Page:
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Carcharhinus brachyurus (Copper shark or bronze whaler)

(GŁnther, 1870)

Life > Eukaryotes > Opisthokonta > Metazoa (animals) > Bilateria > Deuterostomia > Chordata > Craniata > Vertebrata (vertebrates)  > Gnathostomata (jawed vertebrates) >.Chondrichthyes > Elasmobranchii > Galeomorphii > Carcharhiniformes > Carcharhinidae

Carcharhinus brachyurus (Copper shark or bronze whaler) [Illustration by Ann Hecht ©]]


A large grey to bronzy shark with a bluntly pointed broad snout, narrow bent cusps on upper teeth, no interdorsal ridge, and dusky or blackish fin tips. Underside white, fins not boldly marked.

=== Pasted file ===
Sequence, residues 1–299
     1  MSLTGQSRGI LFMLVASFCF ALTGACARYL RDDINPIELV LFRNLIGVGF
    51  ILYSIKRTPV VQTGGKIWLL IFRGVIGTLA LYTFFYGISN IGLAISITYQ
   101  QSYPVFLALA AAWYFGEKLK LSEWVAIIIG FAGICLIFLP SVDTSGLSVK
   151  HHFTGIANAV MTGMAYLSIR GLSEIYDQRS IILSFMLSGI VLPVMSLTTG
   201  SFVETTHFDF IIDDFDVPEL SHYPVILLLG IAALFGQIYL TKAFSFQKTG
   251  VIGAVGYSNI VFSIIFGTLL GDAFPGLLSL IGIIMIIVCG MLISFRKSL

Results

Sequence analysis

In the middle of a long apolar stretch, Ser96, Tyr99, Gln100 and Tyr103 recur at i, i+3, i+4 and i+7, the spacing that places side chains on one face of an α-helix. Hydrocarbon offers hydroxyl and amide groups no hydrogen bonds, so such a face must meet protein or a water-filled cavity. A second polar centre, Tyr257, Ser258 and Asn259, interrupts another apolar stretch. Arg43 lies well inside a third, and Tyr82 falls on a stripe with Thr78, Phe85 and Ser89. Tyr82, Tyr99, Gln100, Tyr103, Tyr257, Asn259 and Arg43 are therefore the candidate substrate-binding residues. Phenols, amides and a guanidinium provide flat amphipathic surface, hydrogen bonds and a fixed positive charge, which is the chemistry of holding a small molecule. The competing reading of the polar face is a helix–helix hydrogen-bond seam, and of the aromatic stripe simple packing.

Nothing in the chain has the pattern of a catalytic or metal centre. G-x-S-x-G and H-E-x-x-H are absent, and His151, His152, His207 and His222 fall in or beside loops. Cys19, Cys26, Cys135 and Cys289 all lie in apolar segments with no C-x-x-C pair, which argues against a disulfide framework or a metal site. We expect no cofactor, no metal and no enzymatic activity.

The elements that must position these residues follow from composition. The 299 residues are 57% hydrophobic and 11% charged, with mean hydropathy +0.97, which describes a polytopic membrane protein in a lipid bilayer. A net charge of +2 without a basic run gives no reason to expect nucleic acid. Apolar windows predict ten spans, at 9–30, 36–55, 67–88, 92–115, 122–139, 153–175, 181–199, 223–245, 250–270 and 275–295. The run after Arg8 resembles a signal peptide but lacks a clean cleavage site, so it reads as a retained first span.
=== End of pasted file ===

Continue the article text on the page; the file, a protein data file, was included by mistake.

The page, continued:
To 2.9 m TL.


Almost entire coast, Namibia to central Natal; most temperate-subtropical seas.



Coastal temperate waters, surfline to the shelf edge and at least 100 m.


Common in Cape waters, follows the sardine run into Natal. Bears up to 16 young. Feeds mostly on bottom and pelagic bony fish, including gurnards, sole, hake, sea catfish, maasbankers, mullet, sardines, and sea bream, as well as small sharks and rays, squid, and cuttlefish.

Human Impact

Considered dangerous, but few attacks on people recorded. The `bronzy' or `copper' is frequently caught by anglers, commercial lineboats, trawlers, and the Natal anti-shark nets. It is processed for biltong in Gans Bay.

Text by Leonard J.V. Compagno, David A. Ebert and Malcolm J. Smale